Book Review: Storing Up Trouble by Jen Turano

This will be a pretty quick review – no small talk before I jump right in. This is mostly because I finished this title last night and want to share my thoughts “fresh.”

Bethany House approved my NetGalley request for Jen Turano’s upcoming novel, Storing Up Trouble. It’s the third installment in the American Heiresses series, but can very easily be read as a standalone. (I know this because I’ve not read the previous titles but most definitely will be adding them to my to-be-read list!)

A Delightful Whirlwind of Enjoyment

Turano is known for her humour and inspirational stories and this title does not disappoint on that front. If it were a person, I’d describe it as that loud, sweet, somewhat chaotic friend that brings liveliness and occasional puzzlement in every encounter. It’s a delightful whirlwind of enjoyment!

With a blend of adventure, snicker-inducing scenarios and dialogue, danger, oddball characters, and sweet romance this book is a fast-paced get-ready-for-a-ride work of art. It also manages to romp through the very pivotal history of suffrage and worker’s rights in North America in a delicate balance of important facts and quirky situations.

As it is inspirational fiction, faith and purpose play a foundational role in the overall story. It is a clean, sassy, sweet work of historical romance. Overall, I can do nothing but recommend this title. My only complaint is that I binged my way through it and now I feel a little lonely.

Published by Bethany House. Publication Date: May 5, 2020

My thanks for the complimentary copy. All opinions expressed are my own.

Book Review: The Forgotten Home Childby Genevieve Graham

There are so many things I love about The Forgotten Home Child by Genevieve Graham. If I had a Must-Read in 2020 list, this would be the second title on it. (The first place holder hasn’t been reviewed yet because it doesn’t publish until late summer, but it is worthy of first place.) Maybe I need a Must-Read Fiction in 2020 list and this could go straight to the very top. It was that good by my recommendation.

Emotionally Moving

First thing I love about this one? The genre. Historical fiction will always hold a special place in my reader’s heart. Always. This novel is based on factual history, but the plot and characters are make-believe. It’s the type of historical fiction that made me do some very light research because I had no idea this had happened (and it left me feeling bereft and heartbroken on behalf of the children who left their homes, and even more so for those who were mistreated in what should have been a better life.)

Two, I love this title because it showcases an important piece of Canadian history, is set in Canada (and the UK), with recognizable destinations and landscapes and was written by a Canadian author. Score for familiarity.

Three, I loved the voice of this writer so much. It was so easy to read, engaging and emotional. I read some early feedback from others that felt certain aspects were sugarcoated – there are some mature, graphic situations (not graphic in actual content, graphic in theme). The author chooses to gloss over them (i.e. rape was not called rape) but I took the liberty of assuming this had more to do with keeping with the era than the author choosing to belittle such horrible events. She paints a highly illustrative struggle of the children in their new situations and also casts a fair light on the flaws in what should have been an excellent program. On the flip side, there is a balance in acknowledging that not all the children ended up in abusive positions and their lives were better for it.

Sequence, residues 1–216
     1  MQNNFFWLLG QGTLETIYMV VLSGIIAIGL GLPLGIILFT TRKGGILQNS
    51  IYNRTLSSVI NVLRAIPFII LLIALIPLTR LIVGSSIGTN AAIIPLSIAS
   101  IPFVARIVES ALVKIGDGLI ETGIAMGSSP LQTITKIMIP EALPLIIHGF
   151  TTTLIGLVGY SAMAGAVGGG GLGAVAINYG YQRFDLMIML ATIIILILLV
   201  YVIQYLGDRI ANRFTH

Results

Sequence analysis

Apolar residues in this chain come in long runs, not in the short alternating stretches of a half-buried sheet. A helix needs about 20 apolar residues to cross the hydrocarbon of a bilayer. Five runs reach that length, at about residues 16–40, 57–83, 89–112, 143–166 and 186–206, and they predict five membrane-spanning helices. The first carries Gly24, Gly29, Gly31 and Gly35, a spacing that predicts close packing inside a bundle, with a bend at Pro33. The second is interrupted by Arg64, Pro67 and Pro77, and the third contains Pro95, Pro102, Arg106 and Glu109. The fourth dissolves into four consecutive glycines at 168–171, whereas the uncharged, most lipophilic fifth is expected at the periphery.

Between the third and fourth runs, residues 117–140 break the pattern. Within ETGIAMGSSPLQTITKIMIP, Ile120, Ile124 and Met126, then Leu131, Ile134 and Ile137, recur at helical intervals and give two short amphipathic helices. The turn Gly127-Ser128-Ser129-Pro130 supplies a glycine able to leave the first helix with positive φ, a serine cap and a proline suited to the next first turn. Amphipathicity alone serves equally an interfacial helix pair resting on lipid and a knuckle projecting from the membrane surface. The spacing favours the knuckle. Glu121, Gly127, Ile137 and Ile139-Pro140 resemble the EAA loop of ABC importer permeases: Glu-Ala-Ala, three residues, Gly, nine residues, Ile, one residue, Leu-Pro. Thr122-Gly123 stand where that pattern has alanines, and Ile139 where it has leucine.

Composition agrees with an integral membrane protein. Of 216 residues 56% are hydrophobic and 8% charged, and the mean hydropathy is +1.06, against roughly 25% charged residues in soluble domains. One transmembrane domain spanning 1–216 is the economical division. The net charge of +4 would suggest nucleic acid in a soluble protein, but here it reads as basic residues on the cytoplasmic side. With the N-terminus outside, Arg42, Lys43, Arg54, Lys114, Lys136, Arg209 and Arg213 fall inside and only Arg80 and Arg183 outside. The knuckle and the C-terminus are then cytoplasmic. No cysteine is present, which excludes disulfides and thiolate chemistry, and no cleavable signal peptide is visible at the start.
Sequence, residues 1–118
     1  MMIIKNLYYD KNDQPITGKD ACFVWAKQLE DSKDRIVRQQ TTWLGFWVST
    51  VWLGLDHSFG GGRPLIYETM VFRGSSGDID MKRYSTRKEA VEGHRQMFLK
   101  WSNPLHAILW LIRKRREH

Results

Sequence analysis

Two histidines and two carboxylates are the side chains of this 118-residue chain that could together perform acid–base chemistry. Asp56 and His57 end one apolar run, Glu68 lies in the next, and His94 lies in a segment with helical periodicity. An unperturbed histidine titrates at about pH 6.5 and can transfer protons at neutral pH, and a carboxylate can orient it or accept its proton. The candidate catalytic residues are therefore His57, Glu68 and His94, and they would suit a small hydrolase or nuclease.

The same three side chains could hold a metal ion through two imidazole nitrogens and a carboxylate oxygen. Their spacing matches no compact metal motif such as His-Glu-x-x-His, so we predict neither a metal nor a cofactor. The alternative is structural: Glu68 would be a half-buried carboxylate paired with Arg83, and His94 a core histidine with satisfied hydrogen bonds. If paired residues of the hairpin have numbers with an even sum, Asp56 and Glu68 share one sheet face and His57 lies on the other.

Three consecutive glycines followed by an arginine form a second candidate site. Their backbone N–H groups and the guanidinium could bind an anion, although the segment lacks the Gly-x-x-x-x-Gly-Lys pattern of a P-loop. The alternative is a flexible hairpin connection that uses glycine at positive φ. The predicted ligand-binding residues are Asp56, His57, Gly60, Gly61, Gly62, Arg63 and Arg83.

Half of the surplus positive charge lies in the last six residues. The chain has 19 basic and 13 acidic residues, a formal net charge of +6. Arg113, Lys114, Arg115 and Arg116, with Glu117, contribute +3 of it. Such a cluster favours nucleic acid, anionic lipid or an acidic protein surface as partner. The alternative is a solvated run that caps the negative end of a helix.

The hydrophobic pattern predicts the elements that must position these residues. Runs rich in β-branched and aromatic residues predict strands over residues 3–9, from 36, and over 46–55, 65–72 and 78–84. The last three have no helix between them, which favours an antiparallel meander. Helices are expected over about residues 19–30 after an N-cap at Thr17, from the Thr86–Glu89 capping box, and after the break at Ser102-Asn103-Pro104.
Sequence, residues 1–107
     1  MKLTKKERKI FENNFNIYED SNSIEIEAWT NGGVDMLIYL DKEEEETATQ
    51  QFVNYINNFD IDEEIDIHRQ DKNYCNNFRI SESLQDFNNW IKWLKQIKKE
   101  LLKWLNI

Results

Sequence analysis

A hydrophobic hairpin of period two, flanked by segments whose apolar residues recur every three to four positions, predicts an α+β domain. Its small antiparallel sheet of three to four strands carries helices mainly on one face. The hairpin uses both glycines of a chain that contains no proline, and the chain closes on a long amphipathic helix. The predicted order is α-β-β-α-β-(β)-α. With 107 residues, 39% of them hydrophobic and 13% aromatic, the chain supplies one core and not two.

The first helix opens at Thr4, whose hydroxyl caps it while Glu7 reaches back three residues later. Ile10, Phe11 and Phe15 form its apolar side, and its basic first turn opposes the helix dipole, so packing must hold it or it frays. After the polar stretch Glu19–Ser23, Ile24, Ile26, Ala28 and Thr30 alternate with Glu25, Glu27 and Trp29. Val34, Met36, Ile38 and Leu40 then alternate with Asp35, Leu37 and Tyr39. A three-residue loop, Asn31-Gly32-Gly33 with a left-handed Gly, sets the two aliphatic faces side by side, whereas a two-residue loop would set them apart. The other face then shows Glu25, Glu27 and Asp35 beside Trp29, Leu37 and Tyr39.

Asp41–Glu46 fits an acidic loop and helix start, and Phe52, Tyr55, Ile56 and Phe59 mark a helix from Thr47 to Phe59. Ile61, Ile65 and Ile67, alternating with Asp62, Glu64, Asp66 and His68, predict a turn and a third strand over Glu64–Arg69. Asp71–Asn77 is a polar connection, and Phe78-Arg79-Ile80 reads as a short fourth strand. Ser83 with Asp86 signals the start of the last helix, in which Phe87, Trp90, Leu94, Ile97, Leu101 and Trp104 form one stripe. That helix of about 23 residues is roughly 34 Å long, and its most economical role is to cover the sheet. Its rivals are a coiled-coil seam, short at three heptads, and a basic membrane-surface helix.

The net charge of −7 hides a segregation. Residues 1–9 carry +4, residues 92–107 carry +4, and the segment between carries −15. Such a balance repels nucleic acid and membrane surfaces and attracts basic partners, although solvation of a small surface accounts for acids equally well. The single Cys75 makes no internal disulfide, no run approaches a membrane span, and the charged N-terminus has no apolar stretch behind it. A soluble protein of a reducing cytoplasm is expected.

This novel addresses chasms between classes, the heartbreak of stigma, the darkness of an era not far behind us. It’s presented in the retelling by a nonagenerian who has kept her history a secret until a fateful occurence sparks some questions from her family.

Overall, I found The Forgotten Home Child to be one of my all-time favourite reads. It was emotionally moving and enlightening. I am in awe of the resilience of the characters and saddened by this aspect of our history. It hits shelves on March 3rd so make a preorder or on publication day pick up a copy for yourself and let me know if you agree or disagree with my take.

I received an Advanced Readers Copy of this title courtesy of the publisher via NetGalley. All opinions expressed are my own.

Published by: Simon & Schuster Canada

Grace in Chaos

Today was Sunday and our family makes a point of attending a local church service. Only half of us made it today… and that’s okay. We are involved in a lot of the aspects of the services and programs and have found places to serve – our church family and our community. Sundays don’t always go down smoothly.

Today I was frazzled. Some problem solving needed to happen with 5 minutes to service time, us running later than I would like, and me having to tell a number of people “no” or “not now.” (Those phrases always leave a layer of guilt. I’m working on that.) I was running on little sleep and that smile on my face wasn’t always genuine. In typical “us” fashion, we were rocking the whole “hot mess” type of thing.